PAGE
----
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A people’s revolt is in the offing

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Members of the public demonstrate in Nairobi on June 6, 2024 against the proposed Finance Bill, 2024.

Photo credit: Evans Habil | Nation Media Group

Kenya is ripe for revolution. That 1964 assertion from Chinese Premier Zhou en-Lai may have been rather premature, but President William Ruto’s regime is seemingly determined to make the prediction ring true in 2024.

If what we are witnessing in the confluence of different interest groups uniting against the latest set of oppressive taxes is anything to go by, citizens of all shades are not only fed up with an unfeeling, arrogant, oppressive ruling class, but are determined to confront it head-on.

The growing resistance against the latest taxation proposals might well shake the foundations of a State that doesn’t listen to the people or care about their concerns.

The arrogance of power that is epitomised by a regime insisting it can extract water out of stone is set to be severely tested by a loud campaign targeting members of Parliament in whose hands lie the fate of the punitive tax proposals.

Now, it might sound like a stuck record yet again, predicting imminent revolution.

Extremely servile lot

Ever since the Kanu kleptocracy, the oppressive one-party regime, and the criminally unequal society established at independence, Kenya has ticked all the boxes towards a citizen’s revolt. But the people of Kenya have been an extremely servile lot, preferring a false sense of peace and stability to any concrete actions that might rock the boat.

We have also been too trusting in political leaders to lead the way in challenging government excesses, forgetting that ultimately, they are all sides of the same coin whether in opposition or in the ruling party.

It has also been the accepted truism that without the towering presence of Raila Odinga to lead the charge, all efforts to mass action challenging government excesses are dead in the water. The veteran opposition chief is now effectively neutralised because he needs the Kenya government’s support in his pursuit of the African Union Commission chairmanship.

No doubt the vacuum is sorely felt because there is nobody in Mr Odinga’s ODM party or the wider Azimio la Umoja One Kenya coalition with the capacity to effectively mobilise the masses. Those holding the fort in Mr Odinga’s absence can hardly gather a crowd of 10.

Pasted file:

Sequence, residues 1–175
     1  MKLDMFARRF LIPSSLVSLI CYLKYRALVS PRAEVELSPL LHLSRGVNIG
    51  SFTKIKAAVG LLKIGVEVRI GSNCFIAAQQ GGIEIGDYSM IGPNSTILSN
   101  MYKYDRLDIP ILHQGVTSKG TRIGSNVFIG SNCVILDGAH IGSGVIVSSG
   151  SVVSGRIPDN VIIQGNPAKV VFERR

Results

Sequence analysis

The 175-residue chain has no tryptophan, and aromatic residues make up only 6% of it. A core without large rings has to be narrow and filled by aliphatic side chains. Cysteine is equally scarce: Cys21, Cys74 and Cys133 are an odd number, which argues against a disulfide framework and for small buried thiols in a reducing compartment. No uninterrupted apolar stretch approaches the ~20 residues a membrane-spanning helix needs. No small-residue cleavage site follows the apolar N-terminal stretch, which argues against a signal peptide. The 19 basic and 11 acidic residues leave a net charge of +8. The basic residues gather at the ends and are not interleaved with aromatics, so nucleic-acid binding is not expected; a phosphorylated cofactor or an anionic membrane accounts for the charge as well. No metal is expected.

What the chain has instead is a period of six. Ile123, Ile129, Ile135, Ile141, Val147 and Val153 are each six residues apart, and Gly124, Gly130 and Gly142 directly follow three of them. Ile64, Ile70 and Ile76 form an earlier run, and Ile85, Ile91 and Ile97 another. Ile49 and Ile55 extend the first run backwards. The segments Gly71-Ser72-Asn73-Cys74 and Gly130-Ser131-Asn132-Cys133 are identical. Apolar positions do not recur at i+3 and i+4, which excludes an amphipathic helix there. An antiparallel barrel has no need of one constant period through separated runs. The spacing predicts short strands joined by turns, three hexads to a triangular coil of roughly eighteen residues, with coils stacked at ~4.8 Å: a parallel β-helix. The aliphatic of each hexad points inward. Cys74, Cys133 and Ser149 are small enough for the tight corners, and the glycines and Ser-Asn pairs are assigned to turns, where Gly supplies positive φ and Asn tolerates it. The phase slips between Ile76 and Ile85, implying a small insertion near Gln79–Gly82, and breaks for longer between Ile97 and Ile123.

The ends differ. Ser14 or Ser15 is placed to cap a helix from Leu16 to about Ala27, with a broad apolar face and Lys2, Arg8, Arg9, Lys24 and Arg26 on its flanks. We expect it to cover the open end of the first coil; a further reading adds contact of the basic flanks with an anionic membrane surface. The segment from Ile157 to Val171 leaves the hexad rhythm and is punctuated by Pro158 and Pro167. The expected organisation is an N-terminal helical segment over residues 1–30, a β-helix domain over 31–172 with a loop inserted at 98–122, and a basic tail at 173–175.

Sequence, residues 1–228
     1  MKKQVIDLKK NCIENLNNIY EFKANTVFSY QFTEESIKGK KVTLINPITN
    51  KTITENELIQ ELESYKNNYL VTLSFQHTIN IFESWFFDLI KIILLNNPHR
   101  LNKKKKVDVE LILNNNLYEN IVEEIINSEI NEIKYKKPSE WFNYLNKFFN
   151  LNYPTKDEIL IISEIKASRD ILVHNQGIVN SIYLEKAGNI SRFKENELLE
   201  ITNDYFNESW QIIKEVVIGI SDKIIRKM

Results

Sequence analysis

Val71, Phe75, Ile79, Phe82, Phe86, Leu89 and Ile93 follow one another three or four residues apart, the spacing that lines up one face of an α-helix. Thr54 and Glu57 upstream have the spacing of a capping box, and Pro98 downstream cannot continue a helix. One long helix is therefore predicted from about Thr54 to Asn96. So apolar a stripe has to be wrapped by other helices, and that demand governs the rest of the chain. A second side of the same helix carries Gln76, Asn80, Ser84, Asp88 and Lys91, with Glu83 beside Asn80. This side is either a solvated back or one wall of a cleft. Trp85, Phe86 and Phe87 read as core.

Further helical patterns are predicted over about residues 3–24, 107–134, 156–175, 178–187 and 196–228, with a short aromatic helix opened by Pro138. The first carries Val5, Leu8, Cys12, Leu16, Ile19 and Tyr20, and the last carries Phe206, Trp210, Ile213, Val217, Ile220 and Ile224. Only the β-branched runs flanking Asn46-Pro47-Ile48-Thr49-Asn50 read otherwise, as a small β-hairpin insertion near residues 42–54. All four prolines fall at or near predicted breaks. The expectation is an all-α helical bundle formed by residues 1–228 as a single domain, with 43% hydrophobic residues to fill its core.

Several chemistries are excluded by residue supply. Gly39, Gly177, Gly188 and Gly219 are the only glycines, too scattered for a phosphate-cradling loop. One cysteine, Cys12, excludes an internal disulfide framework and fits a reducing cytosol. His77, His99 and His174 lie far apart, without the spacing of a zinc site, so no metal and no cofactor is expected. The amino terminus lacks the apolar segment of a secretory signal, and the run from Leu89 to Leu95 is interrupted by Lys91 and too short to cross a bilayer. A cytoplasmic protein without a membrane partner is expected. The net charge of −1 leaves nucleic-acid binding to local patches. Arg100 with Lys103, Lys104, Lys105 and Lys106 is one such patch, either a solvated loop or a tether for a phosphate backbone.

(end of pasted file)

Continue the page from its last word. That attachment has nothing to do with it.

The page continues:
And that is the beauty of it all. Because what is brewing is not orchestrated by the opposition leadership, but a spontaneous combustion of long pent-up frustrations among ordinary citizens.

New taxes

The movement assembling to resist imposition of new taxes seems to be growing organically with no centralised organisation or command structure. It has no office or recognised leaders, but seems to be simply emerging from a growing number of online campaigns operating independently of each other.

Yes, President Ruto has, with policies that breed despair, hopelessness and anger, managed to unite disparate groupings against himself.

The anger is felt across constituencies that ordinarily would never see eye to eye. The so-called hustlers—the mama mboga, boda boda operators and other underclasses who were conned that this would be their government—have found common cause with the captains of industry.

The pain of ruinous policies that want to tax everyone out existence is being felt across the usual fault lines of class, ethnic groupings and political persuasion.

This is coming at a time when the ruling Kenya Kwanza is in the throes of self-implosion as Deputy President Rigathi Gachagua copies the Ruto playbook and revolts against the President.

Of course the jury is still open on whether social media activism will translate to open defiance on the streets. It is easy to express anger on X and TikTok, but quite another to come out in numbers braving police truncheons, tear gas, water cannons and bullets.

Free pass

If the “Occupy Parliament” campaign turns out stillborn, it will be a free pass for the government to implement unjust taxation measures. The government will continue to enforce poverty on the populace, while the parasitic classes wallow in public largesse. They will continue increasing the price of bread, fuel, cooking oil, maize flour and petrol, while they enjoy all the luxuries at taxpayer expense.

The President and a few others in his immediate circle will retain access to “confidential” expenses running into billions, basically the freedom to use public funds for whatever they may wish without being subject to audit, oversight or any justification. Those are the taxes we pay, which our leaders are allowed to convert to personal use under a most grotesque form of legalised theft.

That is why Kenyans must say a very big and emphatic No!

[email protected], @MachariaGaitho